# List of convex uniform tilings

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This table shows the 11 convex uniform tilings (regular and semiregular) of the Euclidean plane, and their dual tilings.

There are three regular, and eight semiregular, tilings in the plane. The semiregular tilings form new tilings from their duals, each made from one type of irregular face.

Uniform tilings are listed by their vertex configuration, the sequence of faces that exist on each vertex. For example 4.8.8 means one square and two octagons on a vertex.

These 11 uniform tilings have 32 different uniform colorings. A uniform coloring allows identical sided polygons at a vertex to be colored differently, while still maintaining vertex-uniformity and transformational congruence between vertices. (Note: Some of the tiling images shown below are not color-uniform)

In addition to the 11 convex uniform tilings, there are also 14 nonconvex tilings, using star polygons, and reverse orientation vertex configurations.

The dual tilings of these tilings have vertices at the centers of the regular polygons, and edges connecting centers of regular polygons that share an edge. The tiles of the dual tiling are not necessarily regular themselves, but each vertex has edges evenly spaced around it. These dual tilings are listed by their face configuration, the number of faces at each vertex of a face. For example V4.8.8 means isosceles triangle tiles with one corner with 4 triangles, and two corners containing 8 triangles.

In the 1987 book, Tilings and Patterns, Branko Grünbaum calls the vertex-uniform tilings Archimedean in parallel to the Archimedean solids, and their dual tilings Laves tilings in honor of crystallographer Fritz Laves.[1] John Conway calls the duals Catalan tilings, in parallel to the Catalan solid polyhedra.[2]

## Convex uniform tilings of the Euclidean plane

Correspondence between families, as shown by labeled nodes of the Coxeter-Dynkin diagrams. The ${\tilde{A}}_2$, [3[3]] family symmetry is completely contained within ${\tilde{G}}_2$, [6,3] symmetry cases. A doubling of the [4,4] symmetry produces another [4,4] symmetry.

All reflectional forms can be made by Wythoff constructions, represented by Wythoff symbols, or Coxeter-Dynkin diagrams, each operating upon one of three Schwarz triangle (4,4,2), (6,3,2), or (3,3,3), with symmetry represented by Coxeter groups: [4,4], [6,3], or [3[3]]. Alternated forms such as the snub can also be represented by special markups within each system. Only one uniform tiling can't be constructed by a Wythoff process, but can be made by an elongation of the triangular tiling. An orthogonal mirror construction [∞,2,∞] also exists, seen as 2 sets of parallel mirrors making a rectangular fundamental domain. If the domain is square, this symmetry can be doubled by a diagonal mirror into the [4,4] family.

Families:

• (4,4,2), ${\tilde{BC}}_2$, [4,4] - Symmetry of the regular square tiling
• ${\tilde{I}}_1^2$, [∞,2,∞]
• (6,3,2), ${\tilde{G}}_2$, [6,3] - Symmetry of the regular hexagonal tiling and triangular tiling.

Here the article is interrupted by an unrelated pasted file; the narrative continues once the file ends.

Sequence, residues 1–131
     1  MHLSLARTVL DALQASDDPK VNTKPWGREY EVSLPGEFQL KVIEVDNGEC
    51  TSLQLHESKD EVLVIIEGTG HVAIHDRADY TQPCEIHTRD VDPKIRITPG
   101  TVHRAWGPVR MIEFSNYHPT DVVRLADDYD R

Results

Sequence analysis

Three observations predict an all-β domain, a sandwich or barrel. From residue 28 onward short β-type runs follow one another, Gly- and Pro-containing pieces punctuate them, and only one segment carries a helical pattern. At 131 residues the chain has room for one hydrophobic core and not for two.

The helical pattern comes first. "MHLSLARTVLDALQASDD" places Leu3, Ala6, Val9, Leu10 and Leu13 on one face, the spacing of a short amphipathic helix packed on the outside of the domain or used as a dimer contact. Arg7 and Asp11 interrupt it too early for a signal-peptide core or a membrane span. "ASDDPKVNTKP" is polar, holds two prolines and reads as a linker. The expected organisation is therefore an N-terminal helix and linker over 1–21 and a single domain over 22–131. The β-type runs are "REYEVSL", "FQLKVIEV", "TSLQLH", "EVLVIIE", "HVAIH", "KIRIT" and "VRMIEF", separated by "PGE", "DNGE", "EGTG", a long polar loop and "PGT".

• (3,3,3), ${\tilde{A}}_2$, [3[3]]

### The [4,4] group family

Uniform tilings
(Platonic and Archimedean)
Vertex figure
Wythoff symbol(s)
Symmetry group
Coxeter-Dynkin diagram(s)
Dual-uniform tilings
(called Laves or Catalan tilings)

4.4.4.4 (or 44)
4 | 2 4
p4m, [4,4], (*442)

4.8.8
2 | 4 4
4 4 2 |
p4m, [4,4], (*442)

3.3.4.3.4
| 4 4 2
p4g, [4+,4], (4*2)
p4, [4,4]+, (442)

Cairo pentagonal tiling (4-fold pentille)

### The [6,3] group family

Platonic and Archimedean tilings Vertex figure
Wythoff symbol(s)
Symmetry group
Coxeter-Dynkin diagram(s)
Dual Laves tilings

Hexagonal tiling (hextille)

6.6.6 (or 63)
3 | 6 2
2 6 | 3
3 3 3 |
p6m, [6,3], (*632)

Triangular tiling (deltille)

(3.6)2
2 | 6 3
3 3 | 3
p6m, [6,3], (*632)
p3m1, [3[3]], (*333)

=

Rhombille tiling (rhombille)

Truncated hexagonal tiling (truncated hextille)

3.12.12
2 3 | 6
p6m, [6,3], (*632)

Triakis triangular tiling (kisdeltille)

Triangular tiling (deltille)

3.3.3.3.3.3 (or 36)
6 | 3 2
3 | 3 3
| 3 3 3
p6m, [6,3], (*632)
p3m1, [3[3]], (*333)
p3, [3[3]]+, (333)

=

Hexagonal tiling (hextille)

3.4.6.4
3 | 6 2
p6m, [6,3], (*632)

Deltoidal trihexagonal tiling (tetrille)

4.6.12
2 6 3 |
p6m, [6,3], (*632)

Kisrhombille tiling (kisrhombille)

Snub trihexagonal tiling (snub hextille)

3.3.3.3.6
| 6 3 2
p6, [6,3]+, (632)

Floret pentagonal tiling (6-fold pentille)

### Non-Wythoffian uniform tiling

Platonic and Archimedean tilings Vertex figure
Wythoff symbol(s)
Symmetry group
Coxeter-Dynkin diagram
Dual Laves tilings

3.3.3.4.4
2 | 2 (2 2)
cmm, [∞,2+,∞], (2*22)
pgm, [(∞,2)+,∞], (22*)
pgg, [(∞,2)+,∞+], (22×)

Prismatic pentagonal tiling (iso(4-)pentille)

### Uniform colorings

There are a total of 32 uniform colorings of the 11 uniform tilings:

1. Triangular tiling - 9 uniform colorings, 4 wythoffian, 5 nonwythoffian
2. Square tiling - 9 colorings: 7 wythoffian, 2 nonwythoffian
3. Hexagonal tiling - 3 colorings, all wythoffian
4. Trihexagonal tiling - 2 colorings, both wythoffian
5. Snub square tiling - 2 colorings, both alternated wythoffian
6. Truncated square tiling - 2 colorings, both wythoffian
7. Truncated hexagonal tiling - 1 coloring, wythoffian
8. Rhombitrihexagonal tiling - 1 coloring, wythoffian
9. Truncated trihexagonal tiling - 1 coloring, wythoffian
10. Snub hexagonal tiling - 1 coloring, alternated wythoffian
11. Elongated triangular tiling - 3 coloring, nonwythoffian